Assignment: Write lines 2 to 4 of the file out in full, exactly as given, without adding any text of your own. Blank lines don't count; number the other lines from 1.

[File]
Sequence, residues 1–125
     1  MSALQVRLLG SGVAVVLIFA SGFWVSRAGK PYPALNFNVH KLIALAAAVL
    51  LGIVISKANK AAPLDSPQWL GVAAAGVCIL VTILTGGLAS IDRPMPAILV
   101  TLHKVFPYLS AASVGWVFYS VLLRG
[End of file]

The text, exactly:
     1  MSALQVRLLG SGVAVVLIFA SGFWVSRAGK PYPALNFNVH KLIALAAAVL
    51  LGIVISKANK AAPLDSPQWL GVAAAGVCIL VTILTGGLAS IDRPMPAILV
   101  TLHKVFPYLS AASVGWVFYS VLLRG